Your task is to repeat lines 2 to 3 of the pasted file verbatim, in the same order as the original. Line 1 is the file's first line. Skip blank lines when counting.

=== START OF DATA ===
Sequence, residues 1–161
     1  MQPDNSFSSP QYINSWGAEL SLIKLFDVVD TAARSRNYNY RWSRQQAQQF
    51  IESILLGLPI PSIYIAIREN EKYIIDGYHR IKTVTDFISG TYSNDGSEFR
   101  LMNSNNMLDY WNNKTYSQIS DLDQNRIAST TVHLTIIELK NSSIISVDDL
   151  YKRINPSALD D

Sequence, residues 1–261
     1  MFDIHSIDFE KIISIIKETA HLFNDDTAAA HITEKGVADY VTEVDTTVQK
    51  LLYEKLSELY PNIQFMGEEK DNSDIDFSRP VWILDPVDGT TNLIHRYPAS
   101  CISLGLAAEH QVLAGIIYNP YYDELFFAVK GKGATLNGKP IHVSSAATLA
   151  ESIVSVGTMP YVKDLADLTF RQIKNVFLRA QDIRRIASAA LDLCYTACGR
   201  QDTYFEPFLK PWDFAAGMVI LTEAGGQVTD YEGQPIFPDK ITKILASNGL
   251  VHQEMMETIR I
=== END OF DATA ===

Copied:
     1  MQPDNSFSSP QYINSWGAEL SLIKLFDVVD TAARSRNYNY RWSRQQAQQF
    51  IESILLGLPI PSIYIAIREN EKYIIDGYHR IKTVTDFISG TYSNDGSEFR